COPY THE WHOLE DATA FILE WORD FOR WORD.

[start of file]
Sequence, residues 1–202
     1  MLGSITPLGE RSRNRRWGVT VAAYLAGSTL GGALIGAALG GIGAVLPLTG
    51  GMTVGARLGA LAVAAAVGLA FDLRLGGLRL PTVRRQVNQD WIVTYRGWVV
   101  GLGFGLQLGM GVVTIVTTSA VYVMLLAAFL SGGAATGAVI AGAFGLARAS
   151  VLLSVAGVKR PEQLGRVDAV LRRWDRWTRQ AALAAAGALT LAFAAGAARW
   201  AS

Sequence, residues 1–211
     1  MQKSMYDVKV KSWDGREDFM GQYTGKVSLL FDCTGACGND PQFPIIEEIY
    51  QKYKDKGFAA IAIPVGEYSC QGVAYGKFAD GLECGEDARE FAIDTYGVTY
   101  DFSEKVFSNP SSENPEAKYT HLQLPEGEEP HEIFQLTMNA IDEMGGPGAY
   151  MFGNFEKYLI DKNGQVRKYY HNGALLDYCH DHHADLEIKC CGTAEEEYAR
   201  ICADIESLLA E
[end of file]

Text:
Sequence, residues 1–202
     1  MLGSITPLGE RSRNRRWGVT VAAYLAGSTL GGALIGAALG GIGAVLPLTG
    51  GMTVGARLGA LAVAAAVGLA FDLRLGGLRL PTVRRQVNQD WIVTYRGWVV
   101  GLGFGLQLGM GVVTIVTTSA VYVMLLAAFL SGGAATGAVI AGAFGLARAS
   151  VLLSVAGVKR PEQLGRVDAV LRRWDRWTRQ AALAAAGALT LAFAAGAARW
   201  AS

Sequence, residues 1–211
     1  MQKSMYDVKV KSWDGREDFM GQYTGKVSLL FDCTGACGND PQFPIIEEIY
    51  QKYKDKGFAA IAIPVGEYSC QGVAYGKFAD GLECGEDARE FAIDTYGVTY
   101  DFSEKVFSNP SSENPEAKYT HLQLPEGEEP HEIFQLTMNA IDEMGGPGAY
   151  MFGNFEKYLI DKNGQVRKYY HNGALLDYCH DHHADLEIKC CGTAEEEYAR
   201  ICADIESLLA E